From 4/15 to 4/25, some nights had 33-degree temperatures, perhaps briefly below freezing, too. There has been considerable rain during this period. I only needed to water the plot once around 4/23.

 

4/26/24 – (12 days since sowing) The first sign of emerging plants! I put sticks over the plot to discourage our dog and other critters from stepping on the area.


image of small flax plants growing in soil

4/30/24 – It appears that most of the seeds have germinated. The partial flooding of the plot and the early cold weather don’t seem to have affected the germination in any obvious way. The north end of the plot is more prolific than the south end. That may be because, right now, the north end gets a little more sun. The sun exposure for the entire plot will increase up to midsummer. Interestingly, it took longer for the seeds to germinate than those I have sown during warmer weather in previous years (particularly on the 20th of May, 2023). The photo below shows that more seeds have germinated from the initial emergence. I removed the sticks and now have a fence around the plot.


Taller flax plants in soil
 

5/8/24 – (4th week since sowing—the date of this blog post) The seeds have grown to a height of about 1 inch in general. Since the 30th of April, there has been rain nearly every other day, so I have not had to water the plot yet. The sun is more centralized over the plot, although the nearby trees are also leafing out, leading to a shorter amount of direct sun in the course of a day. Our property has so many trees, which is another reason I sought out Gale Woods Farm as another plot test. So far, weed growth is minimal.


The Gale Woods plot begins

May 8, 2024 – we sowed 1.5 pounds of linen flax seeds at Gale Woods Farm this morning!

The garden supervisor managed to corral three staff and one volunteer to help with the sowing. Approximately 150 linear feet of linen flax (Avian variety) was sown by 11 AM on this gorgeous spring day, with an air temperature of around 65 degrees and a very light breeze. Between the six of us, it only took about 45 minutes to finish the job: from raking the soil to a finer consistency (“as fine as snuff,” as the Swedes say), distributing and broadcasting the seeds with our hands from cups, and raking the seeds into the soil. Efficiency comes in numbers! Now we wait for a potential rain this evening, or the garden supervisor will sprinkle a little water on the seed bed tomorrow morning. It was interesting to see the seeds shining in the sun before the final raking, knowing that more raking was needed if we saw any seeds shining. Crossing my fingers that we see the plants emerging in about a week!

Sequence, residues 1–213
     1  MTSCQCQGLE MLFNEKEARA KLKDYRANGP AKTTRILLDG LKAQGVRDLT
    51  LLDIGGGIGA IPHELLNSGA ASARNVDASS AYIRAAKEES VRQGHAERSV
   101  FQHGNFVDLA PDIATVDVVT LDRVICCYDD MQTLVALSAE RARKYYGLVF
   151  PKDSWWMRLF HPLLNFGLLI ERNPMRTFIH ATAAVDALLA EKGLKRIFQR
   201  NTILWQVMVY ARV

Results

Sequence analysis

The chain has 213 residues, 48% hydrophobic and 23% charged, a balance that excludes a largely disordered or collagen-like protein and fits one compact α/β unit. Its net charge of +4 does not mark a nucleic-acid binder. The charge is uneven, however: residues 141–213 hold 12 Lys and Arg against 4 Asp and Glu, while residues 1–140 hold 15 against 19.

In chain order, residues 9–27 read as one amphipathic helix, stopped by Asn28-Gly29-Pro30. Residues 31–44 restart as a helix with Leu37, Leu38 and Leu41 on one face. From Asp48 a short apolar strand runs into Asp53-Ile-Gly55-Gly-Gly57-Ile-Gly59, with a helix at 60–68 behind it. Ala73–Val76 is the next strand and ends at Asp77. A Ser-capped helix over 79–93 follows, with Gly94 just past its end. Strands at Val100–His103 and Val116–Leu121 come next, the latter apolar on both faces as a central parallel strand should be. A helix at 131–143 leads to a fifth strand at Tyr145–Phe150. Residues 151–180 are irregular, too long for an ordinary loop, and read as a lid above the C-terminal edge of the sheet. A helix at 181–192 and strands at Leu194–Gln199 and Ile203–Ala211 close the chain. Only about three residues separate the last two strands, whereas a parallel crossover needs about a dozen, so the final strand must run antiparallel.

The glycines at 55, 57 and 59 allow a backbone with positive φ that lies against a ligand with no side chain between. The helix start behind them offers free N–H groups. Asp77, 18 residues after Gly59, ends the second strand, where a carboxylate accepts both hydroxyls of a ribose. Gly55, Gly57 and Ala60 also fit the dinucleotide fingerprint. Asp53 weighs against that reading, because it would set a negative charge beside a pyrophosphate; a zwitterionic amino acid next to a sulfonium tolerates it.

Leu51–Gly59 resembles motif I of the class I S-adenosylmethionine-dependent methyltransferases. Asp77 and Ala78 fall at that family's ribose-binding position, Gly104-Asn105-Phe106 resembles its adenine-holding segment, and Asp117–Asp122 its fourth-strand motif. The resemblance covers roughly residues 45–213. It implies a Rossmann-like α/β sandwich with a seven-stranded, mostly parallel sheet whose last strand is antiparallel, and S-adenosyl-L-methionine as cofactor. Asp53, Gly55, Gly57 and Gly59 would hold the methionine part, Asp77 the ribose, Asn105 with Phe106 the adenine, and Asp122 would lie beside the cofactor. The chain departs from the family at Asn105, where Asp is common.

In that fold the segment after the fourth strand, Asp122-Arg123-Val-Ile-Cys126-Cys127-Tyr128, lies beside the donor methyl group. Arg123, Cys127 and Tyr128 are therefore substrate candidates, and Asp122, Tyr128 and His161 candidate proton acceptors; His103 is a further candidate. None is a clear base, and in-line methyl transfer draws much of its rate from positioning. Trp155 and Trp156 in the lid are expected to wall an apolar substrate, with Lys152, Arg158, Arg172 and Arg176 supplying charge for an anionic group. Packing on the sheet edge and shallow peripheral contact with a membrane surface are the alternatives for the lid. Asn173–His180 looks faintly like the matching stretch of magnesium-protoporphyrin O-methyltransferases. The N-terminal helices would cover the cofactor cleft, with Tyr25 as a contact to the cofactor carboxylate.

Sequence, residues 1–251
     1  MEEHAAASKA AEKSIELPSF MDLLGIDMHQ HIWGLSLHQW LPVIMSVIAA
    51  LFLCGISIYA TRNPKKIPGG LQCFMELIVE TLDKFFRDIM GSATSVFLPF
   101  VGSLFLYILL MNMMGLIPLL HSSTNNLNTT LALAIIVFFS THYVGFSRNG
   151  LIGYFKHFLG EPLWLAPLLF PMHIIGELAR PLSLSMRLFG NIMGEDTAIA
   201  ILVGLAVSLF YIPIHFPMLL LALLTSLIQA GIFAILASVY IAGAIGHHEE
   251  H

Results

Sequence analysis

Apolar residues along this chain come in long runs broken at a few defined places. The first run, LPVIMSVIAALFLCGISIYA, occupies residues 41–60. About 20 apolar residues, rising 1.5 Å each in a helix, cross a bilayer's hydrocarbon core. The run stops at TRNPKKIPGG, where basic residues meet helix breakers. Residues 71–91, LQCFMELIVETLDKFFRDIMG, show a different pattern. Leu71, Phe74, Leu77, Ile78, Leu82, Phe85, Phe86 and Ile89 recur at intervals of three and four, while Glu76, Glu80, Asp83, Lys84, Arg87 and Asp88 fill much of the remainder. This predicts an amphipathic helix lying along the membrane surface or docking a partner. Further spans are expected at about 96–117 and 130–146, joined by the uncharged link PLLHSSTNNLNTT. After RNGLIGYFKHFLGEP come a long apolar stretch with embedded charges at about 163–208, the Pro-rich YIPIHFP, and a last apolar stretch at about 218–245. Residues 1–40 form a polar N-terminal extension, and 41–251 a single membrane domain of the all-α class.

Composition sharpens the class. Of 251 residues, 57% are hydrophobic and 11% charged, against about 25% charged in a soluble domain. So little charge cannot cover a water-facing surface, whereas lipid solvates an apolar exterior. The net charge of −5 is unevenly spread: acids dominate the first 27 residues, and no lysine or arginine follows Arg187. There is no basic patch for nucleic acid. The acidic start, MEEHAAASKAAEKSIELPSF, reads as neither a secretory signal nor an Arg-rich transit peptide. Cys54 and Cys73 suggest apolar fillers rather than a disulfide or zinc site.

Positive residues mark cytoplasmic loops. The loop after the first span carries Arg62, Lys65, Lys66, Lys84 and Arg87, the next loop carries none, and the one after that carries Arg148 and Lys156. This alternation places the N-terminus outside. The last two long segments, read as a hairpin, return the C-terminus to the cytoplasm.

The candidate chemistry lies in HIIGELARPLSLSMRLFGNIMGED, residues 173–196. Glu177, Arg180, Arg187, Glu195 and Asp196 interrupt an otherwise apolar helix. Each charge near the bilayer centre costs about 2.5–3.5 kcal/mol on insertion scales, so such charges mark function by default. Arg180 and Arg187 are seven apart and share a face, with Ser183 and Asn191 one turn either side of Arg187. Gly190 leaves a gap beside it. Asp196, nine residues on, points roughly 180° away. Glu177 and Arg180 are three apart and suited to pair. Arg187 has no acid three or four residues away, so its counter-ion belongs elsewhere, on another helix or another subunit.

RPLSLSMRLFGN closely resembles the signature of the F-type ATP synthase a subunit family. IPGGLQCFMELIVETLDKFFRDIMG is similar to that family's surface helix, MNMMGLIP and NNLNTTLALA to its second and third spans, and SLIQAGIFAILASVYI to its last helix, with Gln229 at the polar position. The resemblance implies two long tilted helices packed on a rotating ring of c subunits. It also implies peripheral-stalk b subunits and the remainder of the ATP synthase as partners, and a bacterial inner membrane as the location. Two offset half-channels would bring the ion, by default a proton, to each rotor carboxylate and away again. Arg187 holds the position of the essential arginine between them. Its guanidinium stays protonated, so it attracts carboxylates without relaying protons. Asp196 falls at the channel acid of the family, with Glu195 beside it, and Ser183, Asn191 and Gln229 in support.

Here are some images from the Gale Woods sowing:

Plowed field row with people raking the soil

The initial raking of the plot row. The plot is 4 feet wide with 2 feet on either side for walking.


We distributed the seeds into cups to broadcast them evenly in the plot row.


A person throwing the seeds onto the plot row.

The seeds were broadcast (thrown) onto the plot row. To ensure the seeds were consistently sown along the row, each person had four ounces of seeds to spread within their zone. Linen flax requires a tight density of plants—as many as 2000 seeds per square yard!


Several people raking the seeds into the plot row.

The final step was to rake the seeds into the plot row. The seeds only need to be sown about 1/2 to 1 inch into the soil, and a gentle raking is a very efficient method of achieving this.